Fractalkine program

Kancera is developing two candidate drugs that are targeting the fractalkine axis. Fractalkine, a so-called chemokine, functions as a master regulator of certain specific immune cells and cancer cells. The fractalkine axis consists of the unique ligand-receptor pair CX3CL1-CX3CR1.

Kancera’s two fractalkine-blocking candidate drugs, KAND567 and KAND145, are so called receptor antagonists, i.e. they block the fractalkine receptor CX3CR1. The objective is to block certain specific disease-promoting immune cells and cancer cells.

Kancera’s lead project, KAND567, was initially developed by Astra Zeneca and acquired by Kancera in 2016. At that time, the project was in the preclinical phase and Kancera has thereafter advanced the project into clinical development and completed three phase I studies and two phase IIa studies. As of today, more than 150 healthy subjects and patients have been treated with KAND567, and currently it is being studied in the KANDOVA study, a combined phase Ib/IIa study in ovarian cancer.

KAND145 is Kancera’s second generation fractalkine blocker and has been solely developed by Kancera. KAND145 is a so-called pro drug, i.e. it is metabolized to KAND567 after administration. KAND145 has the same mechanism of action, but improved product properties.

CSO Statement

"We have demonstrated in clinical studies that our CX3CR1 antagonists monitor non-classical monocytes, a form of immune cells known to promote multiple inflammatory diseases and resistant cancers."

Thomas Olin, Chief Scientific Officer, Kancera

Intellectual Properties

Solid IP (Intellectual Properties) sets the foundation for profitable development and commercialization of pharmaceutical drugs. Kancera’s IP strategy relies on two main components – patent protection and market exclusivity through data protection. IP development is an integrated component of Kancera’s research and development.

The IP protection for KAND567 and KAND145 is based on four patent families and basis for data exclusivity according to the table below:

IP overview for KAND567 and KAND145


Type of IPTerritoriesTermStatus
Chemical structureMajor markets12039Granted in US, EU and South Africa
Review process ongoing in other markets
Manufacturing process2Major markets 2039Granted in US, Japan and South Africa
Review process ongoing in other markets
Data exclusivityUS, EU5–10 years from market approvalApplication to be submitted after market approval


Type of IPTerritoriesTermStatus
Manufacturing process2Major markets2039Granted in US, Japan and South Africa
Review process ongoing in other markets
Chemical structure
(2 patent families)
US, China, Japan, EU-big 442027Granted
Data exclusivityUS, EU5–10 years from market approvalApplication to be submitted after market approval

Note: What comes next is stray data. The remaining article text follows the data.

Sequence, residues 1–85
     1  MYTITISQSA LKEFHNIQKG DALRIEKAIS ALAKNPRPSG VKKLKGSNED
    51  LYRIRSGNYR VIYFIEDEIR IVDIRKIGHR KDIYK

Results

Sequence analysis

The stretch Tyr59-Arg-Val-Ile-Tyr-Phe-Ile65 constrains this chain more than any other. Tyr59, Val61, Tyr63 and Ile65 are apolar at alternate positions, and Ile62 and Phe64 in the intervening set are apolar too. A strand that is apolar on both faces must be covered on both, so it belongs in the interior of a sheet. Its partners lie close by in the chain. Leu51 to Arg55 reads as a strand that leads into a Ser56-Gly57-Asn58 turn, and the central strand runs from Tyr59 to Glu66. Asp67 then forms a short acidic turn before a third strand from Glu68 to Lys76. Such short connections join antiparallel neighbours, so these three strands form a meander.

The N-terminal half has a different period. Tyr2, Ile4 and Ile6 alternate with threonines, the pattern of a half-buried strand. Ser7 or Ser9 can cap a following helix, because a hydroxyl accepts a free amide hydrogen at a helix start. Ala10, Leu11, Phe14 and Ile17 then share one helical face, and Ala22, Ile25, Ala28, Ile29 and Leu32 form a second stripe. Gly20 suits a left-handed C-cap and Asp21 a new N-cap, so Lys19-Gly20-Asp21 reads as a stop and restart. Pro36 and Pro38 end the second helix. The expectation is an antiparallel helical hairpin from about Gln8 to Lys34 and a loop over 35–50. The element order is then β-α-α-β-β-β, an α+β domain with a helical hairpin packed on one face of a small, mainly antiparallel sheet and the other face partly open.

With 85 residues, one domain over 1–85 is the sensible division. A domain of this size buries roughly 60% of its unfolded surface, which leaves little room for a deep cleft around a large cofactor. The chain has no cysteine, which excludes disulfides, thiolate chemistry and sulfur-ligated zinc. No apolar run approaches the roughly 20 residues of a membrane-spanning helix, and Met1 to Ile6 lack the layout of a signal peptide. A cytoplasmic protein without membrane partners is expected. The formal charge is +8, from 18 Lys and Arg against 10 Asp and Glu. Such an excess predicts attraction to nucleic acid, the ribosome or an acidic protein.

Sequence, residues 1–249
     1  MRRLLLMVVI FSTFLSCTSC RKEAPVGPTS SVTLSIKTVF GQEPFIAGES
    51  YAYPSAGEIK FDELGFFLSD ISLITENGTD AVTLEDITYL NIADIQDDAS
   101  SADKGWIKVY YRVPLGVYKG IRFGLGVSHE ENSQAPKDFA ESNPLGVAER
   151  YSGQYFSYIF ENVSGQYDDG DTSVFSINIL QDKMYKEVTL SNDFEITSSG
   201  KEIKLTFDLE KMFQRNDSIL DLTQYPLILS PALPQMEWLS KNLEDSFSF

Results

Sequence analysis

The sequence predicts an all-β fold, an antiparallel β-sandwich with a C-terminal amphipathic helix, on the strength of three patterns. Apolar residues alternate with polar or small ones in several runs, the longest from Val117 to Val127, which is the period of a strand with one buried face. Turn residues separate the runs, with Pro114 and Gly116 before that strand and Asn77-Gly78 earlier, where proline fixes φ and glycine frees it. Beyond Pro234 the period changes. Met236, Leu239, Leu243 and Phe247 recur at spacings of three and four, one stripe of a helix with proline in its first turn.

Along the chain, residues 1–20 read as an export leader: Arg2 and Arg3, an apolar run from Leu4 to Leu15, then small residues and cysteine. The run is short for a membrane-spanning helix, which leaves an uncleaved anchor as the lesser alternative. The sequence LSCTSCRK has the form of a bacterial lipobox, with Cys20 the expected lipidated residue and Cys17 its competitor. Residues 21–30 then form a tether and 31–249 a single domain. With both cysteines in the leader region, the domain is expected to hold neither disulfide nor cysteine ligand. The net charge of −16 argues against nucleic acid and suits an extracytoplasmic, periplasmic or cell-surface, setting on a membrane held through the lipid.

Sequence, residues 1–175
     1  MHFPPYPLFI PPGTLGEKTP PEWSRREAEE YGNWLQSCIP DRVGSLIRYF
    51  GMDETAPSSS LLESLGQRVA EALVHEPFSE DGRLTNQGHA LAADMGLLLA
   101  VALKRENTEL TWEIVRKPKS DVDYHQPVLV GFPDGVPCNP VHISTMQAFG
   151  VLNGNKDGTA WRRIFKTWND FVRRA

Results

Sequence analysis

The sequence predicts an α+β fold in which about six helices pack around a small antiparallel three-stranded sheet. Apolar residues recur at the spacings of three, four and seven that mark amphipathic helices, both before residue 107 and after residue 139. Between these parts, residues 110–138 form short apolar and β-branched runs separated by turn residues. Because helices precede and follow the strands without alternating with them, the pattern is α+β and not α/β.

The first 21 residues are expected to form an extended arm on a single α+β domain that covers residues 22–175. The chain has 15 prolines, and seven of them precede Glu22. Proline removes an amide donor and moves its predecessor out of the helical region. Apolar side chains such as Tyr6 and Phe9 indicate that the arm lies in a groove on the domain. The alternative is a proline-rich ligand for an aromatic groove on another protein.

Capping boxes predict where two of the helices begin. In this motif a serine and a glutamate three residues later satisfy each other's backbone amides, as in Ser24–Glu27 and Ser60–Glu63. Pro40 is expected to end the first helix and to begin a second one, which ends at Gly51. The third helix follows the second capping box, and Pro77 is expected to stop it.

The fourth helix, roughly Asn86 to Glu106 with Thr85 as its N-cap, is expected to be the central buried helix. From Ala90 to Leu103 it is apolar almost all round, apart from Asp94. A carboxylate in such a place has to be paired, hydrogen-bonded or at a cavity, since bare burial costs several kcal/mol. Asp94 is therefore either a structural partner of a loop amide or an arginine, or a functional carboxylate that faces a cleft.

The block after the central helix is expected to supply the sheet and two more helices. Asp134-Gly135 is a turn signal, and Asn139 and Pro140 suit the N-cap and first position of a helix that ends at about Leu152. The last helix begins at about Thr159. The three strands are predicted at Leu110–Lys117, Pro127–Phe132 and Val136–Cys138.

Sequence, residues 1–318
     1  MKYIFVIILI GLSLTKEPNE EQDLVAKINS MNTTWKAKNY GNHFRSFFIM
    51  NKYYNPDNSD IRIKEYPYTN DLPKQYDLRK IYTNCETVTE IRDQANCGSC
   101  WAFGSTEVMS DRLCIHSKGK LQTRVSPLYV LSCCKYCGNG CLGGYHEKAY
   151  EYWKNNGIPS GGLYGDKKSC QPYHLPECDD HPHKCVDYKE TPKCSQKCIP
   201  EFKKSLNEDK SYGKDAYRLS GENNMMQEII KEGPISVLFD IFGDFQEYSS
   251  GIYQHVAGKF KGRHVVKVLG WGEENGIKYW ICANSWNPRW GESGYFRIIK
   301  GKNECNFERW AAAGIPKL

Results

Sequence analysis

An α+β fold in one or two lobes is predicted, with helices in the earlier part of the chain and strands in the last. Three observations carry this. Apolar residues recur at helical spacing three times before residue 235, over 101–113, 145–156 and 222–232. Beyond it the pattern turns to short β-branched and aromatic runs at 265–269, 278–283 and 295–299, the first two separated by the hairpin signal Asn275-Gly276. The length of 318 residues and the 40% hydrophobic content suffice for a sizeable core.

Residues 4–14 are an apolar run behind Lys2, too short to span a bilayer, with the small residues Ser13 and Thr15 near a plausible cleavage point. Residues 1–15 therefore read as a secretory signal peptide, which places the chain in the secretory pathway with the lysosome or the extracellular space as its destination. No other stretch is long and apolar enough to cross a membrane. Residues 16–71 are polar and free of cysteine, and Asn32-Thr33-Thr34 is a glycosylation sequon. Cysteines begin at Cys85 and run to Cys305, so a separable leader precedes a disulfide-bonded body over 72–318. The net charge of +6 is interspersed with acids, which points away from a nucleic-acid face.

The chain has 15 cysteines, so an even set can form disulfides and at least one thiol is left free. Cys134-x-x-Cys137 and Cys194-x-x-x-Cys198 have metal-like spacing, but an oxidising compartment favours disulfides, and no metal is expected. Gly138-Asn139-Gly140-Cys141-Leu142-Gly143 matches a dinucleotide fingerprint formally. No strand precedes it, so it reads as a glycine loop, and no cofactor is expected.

1 US, Canada, EU, Asia
2 One patent family covers the manufacturing processes for both KAND145 and KAND567
3 Divisional application from manufacturing process
4 EU-big 4 = Germany, France, UK and Italy
Source: Kancera

Selected Publications

Fractalkine axis in cardiovascular diseases

Review that summarizes clinical research addressing the pathology driving role of fractalkine axis in cardiovascular disease and the potential of the Kancera drug candidate KAND567

Shu Xian Loh, Yasemin Ekinci, Luke Spray, Visvesh Jeyalan, Thomas Olin, Gavin Richardson, David Austin, Mohammad Alkhalil, Ioakim Spyridopoulos.
Fractalkine Signalling (CX3CL1/CX3CR1 Axis) as an Emerging Target in Coronary Artery Disease

In a study with 480 heart attack patients, Kancera's partner Professor Ioakim Spyridopoulos and his research group have shown the potential for the Fractalkine blocker KAND567 to prolong life after an acute heart attack.

Spray L, Park C, Cormack S, Mohammed A, Panahi P, Boag S, Bennaceur K, Sopova K, Richardson G, Stangl VM, Rech L, Rainer PP, Ramos GC, Hofmann U, Stellos K, Spyridopoulos I.
The Fractalkine Receptor CX3CR1 Links Lymphocyte Kinetics in CMV-Seropositive Patients and Acute Myocardial Infarction With Adverse Left Ventricular Remodeling.

Fraktalkine axis in oncology

Positive research results for Kancera's Fractalkine blockers may pave the way for new treatment for ovarian cancer

Lehto J, Huguet Ninou A, Chioureas D, Jonkers J, Gustafsson NMS.
Targeting CX3CR1 Suppresses the Fanconi Anemia DNA Repair Pathway and Synergizes with Platinum.

Study in primary samples from cancer with progressive disease show that KAND567 has capacity to kill leukemic cells by blocking specific immune cells in the leukemia microenvironment.

Mohammad Hojjat-Farsangi MSc,PhD , Wen Zhong Ms.C, Tom Mulder MD PhD, Ann Svensson Ms.C, Jeanette Lundin MD PhD, Marzia Palma MD PhD, Johan Schultz PhD, Thomas Olin PhD, Bjorn Wahlin MD PhD, Anders Osterborg MD PhD, Parviz Kokhaei PhD, Hakan Mellstedt MD PhD
A CX3CR1 (fractalkine receptor) Small Molecular Antagonist (KAND567) Suppressed the Growth Promoting Effect of Monocytes on Chronic Lymphocytic Leukemia Cells